Regarding those bills that did not survive the bill deadlines, below are several of the notable ones:

HB 1006 – new requirements for locating underground facilities.

HB 1680 – local government infrastructure funding (ends the deposit of 4.1 percent of the Real Estate Excise Tax (REET) into the Education Legacy Trust Account in fiscal year 2019, rather than fiscal year 2020).

SB 5952 – funding local public works through the creation of a state infrastructure bank.

The budgets will likely be unveiled by the end of the month.    The House goes first this year and will likely depend on new revenue sources to meet its obligations.

Week 7
Focus Shifts to the Budget

The first bill cutoff came Friday, February 22nd.    The Transportation Committees and the other fiscal committees will continue to meet next week, but the policy committees are done until March 14th, when they start considering bills from the other chamber.  Next month, much of the focus will turn to the budgets once the March fiscal forecast is released.

Bill introductions have slowed considerably, but not before a large number of bills concerning transportation electrification were introduced and heard.  On this bill cutoff day, several of those bills failed in committee but several bills are still moving. Electrification bills that are still moving include:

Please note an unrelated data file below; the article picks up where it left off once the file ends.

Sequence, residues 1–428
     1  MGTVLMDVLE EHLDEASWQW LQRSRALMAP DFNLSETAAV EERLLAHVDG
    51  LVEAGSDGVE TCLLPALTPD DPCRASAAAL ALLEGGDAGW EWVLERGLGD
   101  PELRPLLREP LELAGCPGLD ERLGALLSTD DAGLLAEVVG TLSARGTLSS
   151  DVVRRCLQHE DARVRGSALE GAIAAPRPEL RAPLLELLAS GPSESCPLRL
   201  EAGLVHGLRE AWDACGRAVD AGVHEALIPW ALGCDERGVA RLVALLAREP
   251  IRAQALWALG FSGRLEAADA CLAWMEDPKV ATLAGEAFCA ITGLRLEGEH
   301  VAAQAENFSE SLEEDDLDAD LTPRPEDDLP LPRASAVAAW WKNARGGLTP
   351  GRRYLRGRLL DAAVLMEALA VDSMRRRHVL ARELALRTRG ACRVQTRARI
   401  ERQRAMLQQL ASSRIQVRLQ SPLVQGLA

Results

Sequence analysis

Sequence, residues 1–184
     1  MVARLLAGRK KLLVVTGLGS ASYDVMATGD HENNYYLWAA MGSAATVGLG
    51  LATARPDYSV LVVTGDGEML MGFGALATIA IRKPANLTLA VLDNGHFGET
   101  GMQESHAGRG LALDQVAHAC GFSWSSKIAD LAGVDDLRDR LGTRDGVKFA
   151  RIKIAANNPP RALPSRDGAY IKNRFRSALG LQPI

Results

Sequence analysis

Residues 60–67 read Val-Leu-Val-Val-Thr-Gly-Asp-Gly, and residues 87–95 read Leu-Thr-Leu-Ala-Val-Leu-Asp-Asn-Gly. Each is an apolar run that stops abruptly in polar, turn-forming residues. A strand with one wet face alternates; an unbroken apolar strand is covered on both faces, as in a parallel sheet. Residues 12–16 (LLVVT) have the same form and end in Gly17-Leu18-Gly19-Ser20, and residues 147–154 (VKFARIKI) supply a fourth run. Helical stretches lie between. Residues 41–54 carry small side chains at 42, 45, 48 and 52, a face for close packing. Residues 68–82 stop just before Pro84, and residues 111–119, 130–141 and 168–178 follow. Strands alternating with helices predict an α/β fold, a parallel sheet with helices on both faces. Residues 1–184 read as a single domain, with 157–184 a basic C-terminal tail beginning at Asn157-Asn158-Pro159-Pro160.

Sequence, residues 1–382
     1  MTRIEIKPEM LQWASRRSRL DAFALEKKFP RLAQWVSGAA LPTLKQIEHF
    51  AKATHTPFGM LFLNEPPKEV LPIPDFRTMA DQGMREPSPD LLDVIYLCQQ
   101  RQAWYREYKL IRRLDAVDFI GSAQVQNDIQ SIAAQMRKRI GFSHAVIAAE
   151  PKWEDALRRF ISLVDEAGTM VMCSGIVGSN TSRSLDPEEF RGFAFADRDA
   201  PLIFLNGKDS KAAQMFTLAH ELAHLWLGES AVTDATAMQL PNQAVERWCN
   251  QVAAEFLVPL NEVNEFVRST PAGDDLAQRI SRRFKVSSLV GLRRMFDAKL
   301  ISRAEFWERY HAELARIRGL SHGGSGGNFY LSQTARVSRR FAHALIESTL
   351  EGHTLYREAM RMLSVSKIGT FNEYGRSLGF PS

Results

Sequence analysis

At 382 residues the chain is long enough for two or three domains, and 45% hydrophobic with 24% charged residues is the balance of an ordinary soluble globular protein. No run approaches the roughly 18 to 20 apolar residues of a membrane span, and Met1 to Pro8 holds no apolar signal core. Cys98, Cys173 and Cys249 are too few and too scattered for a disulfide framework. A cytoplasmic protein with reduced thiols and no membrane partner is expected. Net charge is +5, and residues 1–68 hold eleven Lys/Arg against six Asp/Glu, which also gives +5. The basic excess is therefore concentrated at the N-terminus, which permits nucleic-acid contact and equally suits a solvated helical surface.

• HB 1512 which provides incentives to promote electrification of transportation
  • SHB 1832, which directs the Joint Transportation Committee to study how Washington Governments can achieve a fully electric vehicle fleet
  • HB 2042 which provides a significant number of incentives to advance electric vehicle infrastructure and use
  • SSB 5336 (a Governor’s request bill) which also provides a number of incentives for use of electric vehicles and clean alternative fuels

The GAC continues to watch a number of procurement bills that are still moving. Some contain provisions that we feel will further complicate public works procurement processes.

On Tuesday, both House and Senate Transportation Committees will hold a hearing on Initiative 976, which pertains to vehicle license fees.  This is an initiative to the legislature so the Legislature can either pass it (and it becomes law), pass a substitute version (which would go on the ballot with I-976), or take no action and let I-976 go to the ballot with no competing option.   At this point, the latter option is the most likely.

On Thursday, the committee will hear the bills associated with Sen. Hobbs’ transportation funding proposal:

  • SB 5970 – relating to transportation bonds,
  • SB 5971 – relating to revenue and transportation funding
  • SB 5972 – relating to additional transportation funding.

These bills reflect much of what has been discussed and over the last several months.   While few expect this to be enacted this session, the conversation regarding a new transportation funding package has started in earnest, and that conversation is expected to last into next session, and, perhaps, to the 2021 session.

Week 6
Policy Bill Cutoff is Three Days Away!

We are over a third of the way through the 2019 session.  The first bill cutoff is February 22nd and the House and Senate have until March 13th to hear their own bills before they start considering the each other’s bills.   Consequently, bill introductions have slowed to a trickle.